The Single-Use Plastic Crisis: How Eleanor Hospital Logistics is helping the NHS fight it

Vivek Ramakrishnan

In September 2019, the NHS made an admirable pledge, which promised to cut down in a phased manner the use of single-use plastics and minimize its carbon footprint. The initiative would progress like this:

  • By April 2020, no longer purchase single-use plastic straws and stirrers in line with the government consultation
  • By April 2021, no longer purchase single-use plastic cutlery, plates or single-use cups made of expanded polystyrene or oxo-degradable plastics
  • After April 2021, go beyond these commitments in reducing single-use plastic food containers and other plastic cups for beverages – including covers and lids.

This was before the pandemic. Although, the NHS has been able to reach its first milestone, the pledge itself has been dealt a cruel blow by the pandemic. A new mountain of plastic waste has appeared in the form of PPE and masks that hospital staff need to do their job safely each day.

The Type II face masks (EN14683) or Type IIR, which is the medical-grade mask used by frontline hospital staff, is not completely bio-degradable, being made mostly of plastic. The British government alone, through the course of this pandemic, sent out a billion of these IIR masks. Further, the sheer scale of producing and importing them leaves behind an enormous carbon footprint.

Consider just the case of just Imperial Hospital, which Eleanor Hospital Logistics serves.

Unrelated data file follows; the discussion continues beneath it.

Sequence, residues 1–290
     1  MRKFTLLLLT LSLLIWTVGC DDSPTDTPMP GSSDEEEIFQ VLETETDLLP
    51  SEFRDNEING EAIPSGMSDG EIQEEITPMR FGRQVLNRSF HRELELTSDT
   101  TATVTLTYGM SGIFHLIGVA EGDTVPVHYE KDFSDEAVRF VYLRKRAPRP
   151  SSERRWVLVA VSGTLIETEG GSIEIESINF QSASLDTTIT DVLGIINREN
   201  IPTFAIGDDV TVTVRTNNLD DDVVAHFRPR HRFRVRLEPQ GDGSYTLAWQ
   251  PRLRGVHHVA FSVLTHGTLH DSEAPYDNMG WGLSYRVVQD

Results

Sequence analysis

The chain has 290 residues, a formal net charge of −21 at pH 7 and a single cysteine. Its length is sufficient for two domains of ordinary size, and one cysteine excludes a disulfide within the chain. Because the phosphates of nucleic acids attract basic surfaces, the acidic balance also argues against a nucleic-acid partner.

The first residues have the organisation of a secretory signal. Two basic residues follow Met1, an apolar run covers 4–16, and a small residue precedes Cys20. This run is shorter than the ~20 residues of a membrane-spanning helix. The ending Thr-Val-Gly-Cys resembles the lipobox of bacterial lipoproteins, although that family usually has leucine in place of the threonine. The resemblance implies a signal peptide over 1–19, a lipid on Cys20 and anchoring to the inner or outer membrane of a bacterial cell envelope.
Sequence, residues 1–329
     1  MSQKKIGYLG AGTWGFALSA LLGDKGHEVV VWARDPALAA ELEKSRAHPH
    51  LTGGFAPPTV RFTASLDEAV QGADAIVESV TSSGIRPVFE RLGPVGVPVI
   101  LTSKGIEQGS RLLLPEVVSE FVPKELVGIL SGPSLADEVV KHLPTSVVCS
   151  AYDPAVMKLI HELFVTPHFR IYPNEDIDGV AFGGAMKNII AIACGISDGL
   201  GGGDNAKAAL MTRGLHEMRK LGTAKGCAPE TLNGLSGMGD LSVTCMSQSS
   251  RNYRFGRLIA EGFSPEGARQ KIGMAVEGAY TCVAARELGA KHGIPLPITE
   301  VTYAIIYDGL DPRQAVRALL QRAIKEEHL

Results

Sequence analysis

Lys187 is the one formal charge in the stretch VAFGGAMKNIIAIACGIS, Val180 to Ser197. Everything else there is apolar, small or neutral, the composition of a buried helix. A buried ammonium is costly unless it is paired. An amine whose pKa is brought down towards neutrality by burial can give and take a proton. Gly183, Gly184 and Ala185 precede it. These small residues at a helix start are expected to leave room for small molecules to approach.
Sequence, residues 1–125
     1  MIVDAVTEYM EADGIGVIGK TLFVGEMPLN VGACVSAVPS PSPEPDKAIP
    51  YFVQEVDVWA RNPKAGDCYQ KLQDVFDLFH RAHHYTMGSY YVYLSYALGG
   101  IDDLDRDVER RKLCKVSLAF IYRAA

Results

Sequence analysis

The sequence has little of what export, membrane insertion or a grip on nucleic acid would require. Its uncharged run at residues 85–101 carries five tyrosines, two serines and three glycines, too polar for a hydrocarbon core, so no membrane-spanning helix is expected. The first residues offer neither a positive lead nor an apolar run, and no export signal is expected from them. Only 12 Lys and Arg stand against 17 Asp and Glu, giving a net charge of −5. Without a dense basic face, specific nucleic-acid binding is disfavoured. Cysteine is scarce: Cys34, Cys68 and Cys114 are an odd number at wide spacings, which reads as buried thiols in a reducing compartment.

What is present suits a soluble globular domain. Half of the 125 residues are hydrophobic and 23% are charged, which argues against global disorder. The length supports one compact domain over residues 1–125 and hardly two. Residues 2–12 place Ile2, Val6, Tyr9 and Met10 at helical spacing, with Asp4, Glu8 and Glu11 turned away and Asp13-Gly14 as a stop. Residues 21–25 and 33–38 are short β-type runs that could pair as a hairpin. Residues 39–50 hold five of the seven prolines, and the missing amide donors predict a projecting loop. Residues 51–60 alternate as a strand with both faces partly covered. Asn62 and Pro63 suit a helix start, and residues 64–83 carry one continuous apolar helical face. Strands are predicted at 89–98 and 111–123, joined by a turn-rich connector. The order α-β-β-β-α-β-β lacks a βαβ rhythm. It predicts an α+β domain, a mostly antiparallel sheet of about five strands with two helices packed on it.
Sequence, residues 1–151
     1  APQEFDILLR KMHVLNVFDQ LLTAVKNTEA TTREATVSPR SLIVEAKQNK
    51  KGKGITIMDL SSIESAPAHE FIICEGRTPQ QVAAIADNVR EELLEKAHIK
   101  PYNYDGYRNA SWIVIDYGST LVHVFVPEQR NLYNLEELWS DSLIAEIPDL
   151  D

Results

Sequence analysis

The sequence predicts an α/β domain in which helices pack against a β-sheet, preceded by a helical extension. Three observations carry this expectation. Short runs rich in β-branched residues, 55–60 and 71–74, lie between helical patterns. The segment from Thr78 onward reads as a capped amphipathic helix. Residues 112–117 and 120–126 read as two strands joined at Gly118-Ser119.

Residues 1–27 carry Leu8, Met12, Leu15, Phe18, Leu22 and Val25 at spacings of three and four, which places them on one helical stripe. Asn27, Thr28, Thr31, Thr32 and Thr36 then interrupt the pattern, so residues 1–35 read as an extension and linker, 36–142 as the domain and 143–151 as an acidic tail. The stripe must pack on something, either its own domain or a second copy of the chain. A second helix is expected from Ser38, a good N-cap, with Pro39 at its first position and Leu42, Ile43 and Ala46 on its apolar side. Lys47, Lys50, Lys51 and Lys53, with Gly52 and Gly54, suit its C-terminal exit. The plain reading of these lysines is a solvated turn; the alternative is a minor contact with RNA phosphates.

The frequency waste pickups per month have soared in the last months by a full 10 trucks, from 30 to 40. This is a staggering 10-13 tonnes more waste per month/per site! – and predictably, a lot of it is clinical waste. If this figure is multiplied across the country, the numbers become obscenely large.


The NHS has been working hard to educate staff on efficient use of PPE and ways to minimise waste and spending.  At Eleanor Hospital Logistics too, the mandatory PPE training module includes actionable information on how to reduce waste. Following the NHS guidelines, our staff try to keep their mask on for as long as possible, without touching it and compromising its integrity. They also try to arrange their daily routines in such a way that they can remain in one set of PPE without interruption, and thereby cut down usage. Small as they seem, we still believe in doing our part. Being a “Carbon Conscious” organization and a proud NHS partner, we will help the hospitals we serve remain loyal to the NHS Single-Use Plastics Pledge.